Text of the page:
Specimen handling, both in terms of time and risk to specimens, remains a significant obstacle to retrospective data capture from entomological collections. Georeferencing is also a challenge due to the highly abbreviated and inconsistent nature of location data on specimen labels, but a number of strategies that combine computer and human data handling are being used.
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Karolyn Shindler & Ellinor Michel

Charles Davies Sherborn: A magpie with a card index mind: Charles Davies Sherborn 1861-1942

ICZN & Natural History Museum, London, UK
Email: karolynshindler@aol.com

Charles Davies Sherborn was geologist, indexer and bibliographer extraordinaire. He was fascinated by science from an early age – although there are probably very few small boys who attempt to construct volcanoes in their gardens, the consequent explosion resulting in a visit from the police. Like so many Victorians, the young Sherborn was a passionate natural history collector and was obsessed with expanding his collection of land and freshwater shells. He later described himself as being a ‘thorough magpie’ and having ‘a card-index mind’, and these two traits coalesced in his monumental Index Animalium, an index of every known living and extinct animal from 1758 to 1850.  The Index was a true labour of love – and shamefully little financial reward – that occupied 43 years of his life. One of the first visitors through the doors of the Natural History Museum in South Kensington when it opened in 1881, Sherborn began work there seven years later as one of the small band of unofficial scientific workers, paid by the number of fossils he prepared. By the time of his death in 1942, Sherbornís corner in the Museum was the first port of call for generations of scientists seeking advice, information ñ or an invitation to one of his famous ìsmoke and chatî parties.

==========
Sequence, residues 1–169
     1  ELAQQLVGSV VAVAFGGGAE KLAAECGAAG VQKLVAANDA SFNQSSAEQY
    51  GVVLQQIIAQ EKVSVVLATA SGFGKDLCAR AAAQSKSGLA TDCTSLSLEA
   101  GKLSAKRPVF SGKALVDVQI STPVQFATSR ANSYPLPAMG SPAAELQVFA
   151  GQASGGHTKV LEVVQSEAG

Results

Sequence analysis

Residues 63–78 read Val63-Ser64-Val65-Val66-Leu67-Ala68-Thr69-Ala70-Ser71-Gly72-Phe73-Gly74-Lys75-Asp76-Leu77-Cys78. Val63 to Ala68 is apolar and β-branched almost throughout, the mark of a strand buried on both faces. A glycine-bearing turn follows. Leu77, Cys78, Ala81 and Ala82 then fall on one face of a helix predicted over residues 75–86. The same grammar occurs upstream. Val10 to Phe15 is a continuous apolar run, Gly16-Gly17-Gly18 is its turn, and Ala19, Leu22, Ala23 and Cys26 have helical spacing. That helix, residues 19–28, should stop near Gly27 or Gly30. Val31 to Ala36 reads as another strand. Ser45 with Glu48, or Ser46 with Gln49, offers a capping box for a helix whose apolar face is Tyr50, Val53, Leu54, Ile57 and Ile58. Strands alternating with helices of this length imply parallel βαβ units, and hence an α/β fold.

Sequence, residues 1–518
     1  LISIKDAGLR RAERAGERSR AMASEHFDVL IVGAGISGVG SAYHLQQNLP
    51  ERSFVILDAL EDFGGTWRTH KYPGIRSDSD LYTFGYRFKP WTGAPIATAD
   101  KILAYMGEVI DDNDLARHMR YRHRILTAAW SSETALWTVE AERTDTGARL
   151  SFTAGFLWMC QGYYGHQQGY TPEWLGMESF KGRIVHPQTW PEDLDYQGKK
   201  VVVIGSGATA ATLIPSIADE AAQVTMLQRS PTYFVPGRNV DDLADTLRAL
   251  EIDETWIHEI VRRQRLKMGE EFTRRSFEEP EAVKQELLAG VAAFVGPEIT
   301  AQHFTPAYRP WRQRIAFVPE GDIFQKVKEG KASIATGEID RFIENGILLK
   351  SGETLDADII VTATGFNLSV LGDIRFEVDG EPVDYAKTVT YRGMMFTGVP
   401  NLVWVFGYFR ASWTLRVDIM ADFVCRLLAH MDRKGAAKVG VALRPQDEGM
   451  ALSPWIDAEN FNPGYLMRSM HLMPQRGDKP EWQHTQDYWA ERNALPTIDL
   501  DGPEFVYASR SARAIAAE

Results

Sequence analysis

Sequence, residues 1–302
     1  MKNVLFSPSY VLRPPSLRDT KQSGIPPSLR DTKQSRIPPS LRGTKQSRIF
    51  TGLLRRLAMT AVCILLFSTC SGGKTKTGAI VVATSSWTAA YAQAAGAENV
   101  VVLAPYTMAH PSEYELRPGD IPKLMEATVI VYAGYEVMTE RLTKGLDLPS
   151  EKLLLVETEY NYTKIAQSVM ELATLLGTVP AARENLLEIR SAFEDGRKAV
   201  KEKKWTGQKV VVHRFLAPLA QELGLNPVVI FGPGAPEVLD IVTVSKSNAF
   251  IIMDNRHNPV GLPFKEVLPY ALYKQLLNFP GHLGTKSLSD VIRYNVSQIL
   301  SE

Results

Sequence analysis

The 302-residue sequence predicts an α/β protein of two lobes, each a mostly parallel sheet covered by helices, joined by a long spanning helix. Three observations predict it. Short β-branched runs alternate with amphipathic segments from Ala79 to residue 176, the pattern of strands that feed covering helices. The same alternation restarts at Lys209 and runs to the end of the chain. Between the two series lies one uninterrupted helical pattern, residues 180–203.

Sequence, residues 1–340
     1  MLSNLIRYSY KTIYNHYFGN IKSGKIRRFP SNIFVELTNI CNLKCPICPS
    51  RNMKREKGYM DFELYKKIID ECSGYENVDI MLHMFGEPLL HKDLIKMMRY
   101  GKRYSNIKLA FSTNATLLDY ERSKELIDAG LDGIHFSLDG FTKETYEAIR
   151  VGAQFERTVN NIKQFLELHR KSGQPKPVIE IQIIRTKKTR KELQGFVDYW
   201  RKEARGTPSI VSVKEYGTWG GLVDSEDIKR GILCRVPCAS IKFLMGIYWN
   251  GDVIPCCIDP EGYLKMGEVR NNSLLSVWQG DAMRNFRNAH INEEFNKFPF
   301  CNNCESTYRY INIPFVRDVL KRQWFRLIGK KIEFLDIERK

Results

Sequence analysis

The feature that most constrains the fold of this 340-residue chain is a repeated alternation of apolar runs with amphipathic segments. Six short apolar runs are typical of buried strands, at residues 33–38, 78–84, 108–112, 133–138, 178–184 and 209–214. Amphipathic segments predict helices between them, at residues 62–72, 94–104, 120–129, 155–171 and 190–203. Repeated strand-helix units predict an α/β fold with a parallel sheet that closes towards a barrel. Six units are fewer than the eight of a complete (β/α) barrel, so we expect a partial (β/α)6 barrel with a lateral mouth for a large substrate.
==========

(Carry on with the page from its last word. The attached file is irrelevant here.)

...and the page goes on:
In addition to his work on the Index, Sherborn is also responsible for rescuing the correspondence, manuscripts and books of Sir Richard Owen, the great Victorian comparative anatomist and the prime mover behind the creation of the NHM. The papers were ‘in a cow-shed, exposed to rats and rain’. The manuscripts were piled twelve feet high, while the correspondence filled countless packing cases. But for Sherborn, this was very heaven. In high excitement he wrote to a friend, ‘I must husband all my time and strength now, for it is a giant’s task set before me, and this must cap…my other works’.